Temporary residence

Many people on the west coast of Bangladesh lived temporarily in different places for at least six months after the cyclone. Some lived in cyclone shelters, some in school buildings, some in madrasa buildings. A few families even lived at the launch terminal. Those who have not had the opportunity to find shelter in a building are somehow living under the open sky. Classrooms of many schools and madrasas are now housing 4-5 families cramped in one room surviving in a very inhuman way. The families are cooking by making an oven in one corner of the room. 



Waiting for hope and relief

While some people have left the area permanently; many people have been temporarily displaced. Many are waiting for some assistance or a means to go somewhere that is not as devastated as their current home. 



Lack of employment

The lack of employment took a deadly shape post-Amphan. Workplaces and opportunities in the area have shrunk. IRRI paddy was sown in the area which was washed away with the stormwater from the cyclone. Aman paddy was not planted in many places as croplands were submerged in water, additionally, many shrimp farms were underwater. With the roads, damaged rickshaws, vans and motorbikes were not running. The number of unemployed people has increased a lot. Many people are rushing to the city in search of work.




Water crisis

The drinking water crisis in the area has intensified as most deep tube wells have become submerged by saline water. There has never been a water crisis in this area before, but that changed after cyclone Amphan. Water now has to be collected by travelling some distance. Not only drinking water but also the lack of water used for other purposes including bathing has taken a serious turn.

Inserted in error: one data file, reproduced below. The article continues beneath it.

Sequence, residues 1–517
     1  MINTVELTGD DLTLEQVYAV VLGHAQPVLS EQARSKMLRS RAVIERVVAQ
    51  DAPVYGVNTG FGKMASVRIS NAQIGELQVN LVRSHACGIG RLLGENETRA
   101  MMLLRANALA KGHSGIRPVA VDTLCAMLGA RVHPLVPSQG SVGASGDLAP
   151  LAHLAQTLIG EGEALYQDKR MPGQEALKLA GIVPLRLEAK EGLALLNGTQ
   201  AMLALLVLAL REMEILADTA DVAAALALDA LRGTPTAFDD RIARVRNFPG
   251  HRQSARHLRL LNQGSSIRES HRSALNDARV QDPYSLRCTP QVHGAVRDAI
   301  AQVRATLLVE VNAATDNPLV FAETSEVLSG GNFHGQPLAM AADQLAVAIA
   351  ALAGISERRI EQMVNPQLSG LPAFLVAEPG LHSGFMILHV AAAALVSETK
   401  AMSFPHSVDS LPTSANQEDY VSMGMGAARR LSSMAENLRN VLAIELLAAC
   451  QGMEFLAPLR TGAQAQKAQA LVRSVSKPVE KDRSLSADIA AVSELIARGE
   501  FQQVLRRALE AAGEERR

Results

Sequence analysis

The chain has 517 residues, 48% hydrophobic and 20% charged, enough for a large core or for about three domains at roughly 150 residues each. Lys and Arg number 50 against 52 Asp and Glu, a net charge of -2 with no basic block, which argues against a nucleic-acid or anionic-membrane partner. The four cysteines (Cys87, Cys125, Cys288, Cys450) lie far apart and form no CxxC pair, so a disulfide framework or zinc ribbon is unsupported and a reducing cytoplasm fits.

Crash roads

Road communication in the area has been weakened after the cyclone. In many places, there are no more paved roads due to the damage from the cyclone. The Brick Soling Road has been washed away by the tidal waters. The whole area seems to have become a remote village.



Weak embankment

Previous cyclones showed how weak embankment has created a serious crisis in the area. Cyclone Sidr hit in 2007, Cyclone Ayla hit in 2009, Cyclone Fani in 2019 and Cyclone Bulbul hit the same year.  With so many cyclones hitting the coast the locals have demanded that a strong embankment be built. But no initiative was taken to build a strong embankment. The embankment was built in this area in the sixties. Since then only the embankment has been repaired. As a result, the embankment has gradually weakened.




Rafiqul Islam Montu is an award-winning Bangladeshi independent journalist and coastal journalism specialist. He is a contributing reporter for The Guardian (UK), The Third Pole (UK), Gaon Connection (India), and Risingbd (Bangladesh). He is Fellow of Internews's Earth Journalism Network (UK). Has been involved in journalism for over 30 years. He is a pioneering figure in coastal journalism.